Inside the Phillies: Lining up Oswalt, Halladay, Hamels to face Braves

Roy Oswalt, smiling on his way to shutting out the Mets, is 5-1 with a 2.82 ERA on three days' rest. "We're to the point now where you pitch when you can," he said.
Roy Oswalt, smiling on his way to shutting out the Mets, is 5-1 with a 2.82 ERA on three days' rest. "We're to the point now where you pitch when you can," he said.
Posted: September 13, 2010

NEW YORK - Roy Oswalt should expect a visit from Phillies pitching coach Rich Dubee in the next day or two.

Perhaps he already had one Sunday night on the team's charter flight from New York to Miami, where the Phillies will open a three-game series with the Florida Marlins on Monday night.

No visit from Dubee was required in the afternoon at Citi Field, where Oswalt again flashed his brilliance with a four-hit complete game for a 3-0 win over the New York Mets.

Dubee does not need to tinker with Oswalt's mechanics or mental approach. Through nine games, this Roy Story has been every bit as good as the Roy Story that unfolded at the start of this season. Oswalt is 6-1 with a 1.98 ERA since joining the Phillies at the trade deadline, and the team is 8-1 in his starts. Roy Halladay went 6-2 with a 1.64 ERA and in his first nine starts, and the team was 6-3.

Debating which pitcher had a better start to his career with the Phillies is like trying to decide between Rembrandt and Picasso or Maddux and Smoltz. Discussing how to get both Roys and Cole Hamels lined up to pitch against the Atlanta Braves next week at Citizens Bank Park is a worthwhile exercise and one that manager Charlie Manuel admitted would take place soon.

"We'll probably discuss that in the next day or two," Manuel said after his team won for the 13th time in 17 games. "We definitely want to be full speed when we play Atlanta. Dubes and I, we will do a lot of talking about that. We want to go into Atlanta, of course, with our best chance."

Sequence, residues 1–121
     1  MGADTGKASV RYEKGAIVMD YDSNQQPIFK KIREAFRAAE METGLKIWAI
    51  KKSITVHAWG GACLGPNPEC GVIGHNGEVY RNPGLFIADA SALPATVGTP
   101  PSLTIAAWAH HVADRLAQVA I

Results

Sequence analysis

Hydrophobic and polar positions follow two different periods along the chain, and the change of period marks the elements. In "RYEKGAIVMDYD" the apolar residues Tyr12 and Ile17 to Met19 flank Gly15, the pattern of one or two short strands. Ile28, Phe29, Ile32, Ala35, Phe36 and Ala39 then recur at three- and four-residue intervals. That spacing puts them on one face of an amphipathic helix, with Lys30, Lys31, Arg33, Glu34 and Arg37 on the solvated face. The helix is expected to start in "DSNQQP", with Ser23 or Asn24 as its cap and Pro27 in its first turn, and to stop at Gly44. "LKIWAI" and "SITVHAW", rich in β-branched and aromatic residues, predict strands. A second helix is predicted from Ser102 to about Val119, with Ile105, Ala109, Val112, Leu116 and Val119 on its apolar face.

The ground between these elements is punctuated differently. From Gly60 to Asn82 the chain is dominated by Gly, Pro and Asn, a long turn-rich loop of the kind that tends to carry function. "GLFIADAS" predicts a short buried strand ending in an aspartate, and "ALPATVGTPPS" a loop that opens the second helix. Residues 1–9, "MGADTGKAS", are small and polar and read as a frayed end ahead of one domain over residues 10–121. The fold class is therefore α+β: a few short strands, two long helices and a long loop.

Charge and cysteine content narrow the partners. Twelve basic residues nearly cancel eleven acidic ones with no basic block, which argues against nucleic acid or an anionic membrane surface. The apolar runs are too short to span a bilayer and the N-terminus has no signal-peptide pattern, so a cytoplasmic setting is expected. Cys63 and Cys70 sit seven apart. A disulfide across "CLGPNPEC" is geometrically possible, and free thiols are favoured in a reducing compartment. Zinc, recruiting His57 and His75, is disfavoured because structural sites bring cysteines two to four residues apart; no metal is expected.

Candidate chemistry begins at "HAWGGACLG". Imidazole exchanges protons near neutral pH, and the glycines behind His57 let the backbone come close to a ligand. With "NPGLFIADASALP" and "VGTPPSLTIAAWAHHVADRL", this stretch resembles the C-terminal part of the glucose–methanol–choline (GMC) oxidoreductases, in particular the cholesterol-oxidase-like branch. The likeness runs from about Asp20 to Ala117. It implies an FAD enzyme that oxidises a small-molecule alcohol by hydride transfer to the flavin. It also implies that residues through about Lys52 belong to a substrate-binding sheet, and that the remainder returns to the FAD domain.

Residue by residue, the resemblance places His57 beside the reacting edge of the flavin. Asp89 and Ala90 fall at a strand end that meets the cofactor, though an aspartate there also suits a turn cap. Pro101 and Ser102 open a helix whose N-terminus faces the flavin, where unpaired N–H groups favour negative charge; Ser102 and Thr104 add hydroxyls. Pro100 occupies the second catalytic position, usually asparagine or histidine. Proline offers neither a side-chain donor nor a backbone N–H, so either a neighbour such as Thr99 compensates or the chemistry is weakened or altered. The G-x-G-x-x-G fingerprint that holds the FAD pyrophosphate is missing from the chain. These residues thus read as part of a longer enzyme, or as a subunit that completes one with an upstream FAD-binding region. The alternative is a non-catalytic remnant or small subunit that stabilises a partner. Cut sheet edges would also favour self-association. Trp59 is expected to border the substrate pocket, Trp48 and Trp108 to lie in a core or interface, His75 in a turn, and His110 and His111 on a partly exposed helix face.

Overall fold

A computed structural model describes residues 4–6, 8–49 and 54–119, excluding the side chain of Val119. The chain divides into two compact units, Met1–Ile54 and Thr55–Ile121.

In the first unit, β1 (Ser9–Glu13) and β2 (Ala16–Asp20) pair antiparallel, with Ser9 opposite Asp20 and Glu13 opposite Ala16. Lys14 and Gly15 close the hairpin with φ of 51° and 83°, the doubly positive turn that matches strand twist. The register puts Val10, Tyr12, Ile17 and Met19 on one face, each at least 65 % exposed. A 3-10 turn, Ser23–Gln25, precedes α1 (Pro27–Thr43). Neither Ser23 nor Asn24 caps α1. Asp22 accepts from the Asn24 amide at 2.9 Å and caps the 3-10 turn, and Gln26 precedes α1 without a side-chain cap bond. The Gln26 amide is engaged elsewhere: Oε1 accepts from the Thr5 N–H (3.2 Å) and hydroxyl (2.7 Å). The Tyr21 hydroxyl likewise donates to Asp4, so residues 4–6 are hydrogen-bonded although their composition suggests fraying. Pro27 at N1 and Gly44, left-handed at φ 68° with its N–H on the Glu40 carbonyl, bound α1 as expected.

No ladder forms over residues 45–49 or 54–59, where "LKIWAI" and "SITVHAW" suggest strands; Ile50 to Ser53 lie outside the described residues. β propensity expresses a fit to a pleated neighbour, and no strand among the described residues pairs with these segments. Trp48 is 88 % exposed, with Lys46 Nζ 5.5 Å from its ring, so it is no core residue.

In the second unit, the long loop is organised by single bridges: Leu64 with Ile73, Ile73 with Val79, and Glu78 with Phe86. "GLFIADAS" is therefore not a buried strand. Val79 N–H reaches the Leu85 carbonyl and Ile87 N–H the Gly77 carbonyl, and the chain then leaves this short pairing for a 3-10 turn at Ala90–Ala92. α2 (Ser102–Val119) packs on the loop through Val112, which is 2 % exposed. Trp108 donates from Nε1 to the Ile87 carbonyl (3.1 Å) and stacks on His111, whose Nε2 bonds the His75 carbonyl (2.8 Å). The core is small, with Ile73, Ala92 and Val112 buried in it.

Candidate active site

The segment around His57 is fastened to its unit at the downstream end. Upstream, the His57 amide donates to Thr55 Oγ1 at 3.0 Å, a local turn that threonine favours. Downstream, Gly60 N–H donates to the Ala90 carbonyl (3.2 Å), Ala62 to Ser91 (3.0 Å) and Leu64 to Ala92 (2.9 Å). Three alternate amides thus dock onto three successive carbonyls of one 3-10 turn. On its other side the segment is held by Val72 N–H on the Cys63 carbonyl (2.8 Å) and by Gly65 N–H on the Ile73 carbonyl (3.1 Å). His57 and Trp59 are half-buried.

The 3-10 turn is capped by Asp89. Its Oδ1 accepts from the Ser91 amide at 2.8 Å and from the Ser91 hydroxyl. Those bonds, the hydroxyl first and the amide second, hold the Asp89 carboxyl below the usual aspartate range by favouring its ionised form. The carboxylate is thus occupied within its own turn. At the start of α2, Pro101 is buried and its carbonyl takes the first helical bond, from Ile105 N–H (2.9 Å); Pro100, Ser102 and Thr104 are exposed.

Given how little tinkering must be done to line up Hamels, Halladay, and Oswalt for the Braves series, it would seem to be a no-brainer for Manuel and Dubee. All they have to do is move Oswalt's next start up one game so that he pitches Friday against the Washington Nationals instead of Saturday.

Kyle Kendrick or Vance Worley would pitch Saturday, and everybody else would remain on turn. In that scenario, Oswalt would pitch on the usual four days' rest rather than getting an extra day.

Asked if that would be a problem after Sunday's game, Oswalt basically said he would take the ball whenever he was asked through the end of the season.

"We're to the point now where you pitch when you can," he said. "They haven't come to me with anything, but I'll just wait and they can tell me when to pitch."

Watching Oswalt for the last six weeks has left the impression that he'd pitch every day if asked, especially if it meant a chance to get back to the World Series.

"Once you get in the playoffs, it doesn't really matter," Oswalt said. "I've pitched on three days' rest. I've pitched on one day and been in the bullpen the next day."

Oswalt has pitched on three days' rest seven times in his career, including twice during the 2004 playoffs. His record in those games is 5-1 with a 2.82 ERA.

Asked about pitching on four days' rest in his next two starts, Oswalt said, "That's what we do every time we pitch." He added that he did not care if he got an extra day.

Oswalt's mentality and track record are a stark contrast to last year's star pitching acquisition at the trade deadline. As good as Cliff Lee was for the Phillies, he had never pitched on three days' rest, and he did not do it during the team's World Series run.

Halladay has pitched six times in his career on three days' rest and has gone 4-2 with a 2.79 ERA.

Hamels is the only one of the Big Three who has never pitched on short rest, but he should not have to between now and the end of the season.

What is so nice for Manuel and Dubee is that they should not be concerned about lining up their top three pitchers for the postseason if their battle for a fourth straight postseason berth goes into the final weekend of the season when they play at Atlanta.

Put Halladay, Oswalt, or Hamels on the mound for a Game 1 in the playoffs and the team and manager should be confident that the Phillies can win.

Contact staff writer Bob Brookover

at 215-854-2577 or

comments powered by Disqus